Reproductive Health in Females and Males

Reproductive Health in Females and Males

Reproductive health refers to the condition of female and male reproductive systems during all life stages. These systems are made of reproductive organs, including the ovaries in females and the testicles in males. These organs produce and release hormones, as do other hormone-producing glands in the body such as the pituitary gland in the brain.

Female disorders include:

  • Early or delayed puberty.
  • Menstrual problems.
  • Infertility or reduced fertility.
  • Problems during pregnancy.
  • Polycystic ovary syndrome (ovaries produce more male hormones than normal).
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  • Uterine fibroids.
  • Endometriosis.

Male disorders include:

  • Impotence or erectile dysfunction.
  • Low sperm count.

Chemical exposure may hinder reproductive assistance in women and men: Exposure to high levels of flame retardants and plasticizers may hinder in vitro fertilization (IVF), a medical procedure used to help women get pregnant. Women with higher levels of these chemicals in their urine had fewer ovary cells, and less successful pregnancies and live births.

Flame retardant chemicals, used in some electronic, fabric, and foam products, may enter your body by breathing dust or drinking water that is contaminated with them.

Men with higher levels of flame retardants in their urine had less successful fertilization during IVF. In addition, urinary levels of phthalates in males, but not females, were associated with lower-quality embryos.

Air pollution and pregnancy hypertension: Traffic-related air pollution increases a pregnant woman’s risk for blood pressure, or hypertensive, disorders.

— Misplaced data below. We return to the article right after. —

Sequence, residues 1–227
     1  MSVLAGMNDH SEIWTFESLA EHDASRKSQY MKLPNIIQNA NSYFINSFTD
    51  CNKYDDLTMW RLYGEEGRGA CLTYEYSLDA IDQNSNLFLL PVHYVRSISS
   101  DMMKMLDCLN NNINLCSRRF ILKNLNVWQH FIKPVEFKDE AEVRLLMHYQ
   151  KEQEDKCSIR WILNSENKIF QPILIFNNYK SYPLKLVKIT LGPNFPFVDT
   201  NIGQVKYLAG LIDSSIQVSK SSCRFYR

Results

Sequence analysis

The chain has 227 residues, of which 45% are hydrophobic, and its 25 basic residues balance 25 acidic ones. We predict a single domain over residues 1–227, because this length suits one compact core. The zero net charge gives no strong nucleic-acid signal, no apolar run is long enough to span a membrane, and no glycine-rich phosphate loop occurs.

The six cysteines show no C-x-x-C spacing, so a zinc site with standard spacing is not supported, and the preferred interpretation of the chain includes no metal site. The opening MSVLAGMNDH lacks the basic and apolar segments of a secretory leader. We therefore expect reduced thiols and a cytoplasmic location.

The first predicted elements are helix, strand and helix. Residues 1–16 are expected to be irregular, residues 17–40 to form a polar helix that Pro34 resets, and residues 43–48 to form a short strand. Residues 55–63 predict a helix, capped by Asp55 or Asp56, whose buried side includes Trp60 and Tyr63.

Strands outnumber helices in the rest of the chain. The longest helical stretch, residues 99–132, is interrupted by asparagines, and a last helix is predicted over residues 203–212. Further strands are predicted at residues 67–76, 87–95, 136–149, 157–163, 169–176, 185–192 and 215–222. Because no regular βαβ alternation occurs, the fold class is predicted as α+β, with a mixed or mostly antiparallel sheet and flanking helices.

Heavy lifting or shift work and decreased fertility: Two occupational factors for women —lifting heavy loads or working non-daytime schedules — are associated with fewer eggs, which could indicate decreased fertility.

Chemical exposure and fetal growth: Exposure during pregnancy to phthalates and phenols, chemicals commonly found in plastics, as well as arsenic, a naturally occurring chemical found in food, soil, and water, could lead to low birth weight, and the early onset of puberty.

Phthalates, parabens, and phenols associated with early puberty: The daughters of pregnant women whose bodies had high levels of these chemicals, which are common in personal care products, started puberty earlier than normal.

Soy formula and menstrual pain: Girls fed soy formula as infants are more likely to develop heavy menstrual bleeding, severe menstrual pain, endometriosis, and larger fibroids later in life.

Vitamin D and uterine fibroids: Women with adequate levels of vitamin D are less likely to develop uterine fibroids than those with inadequate levels.


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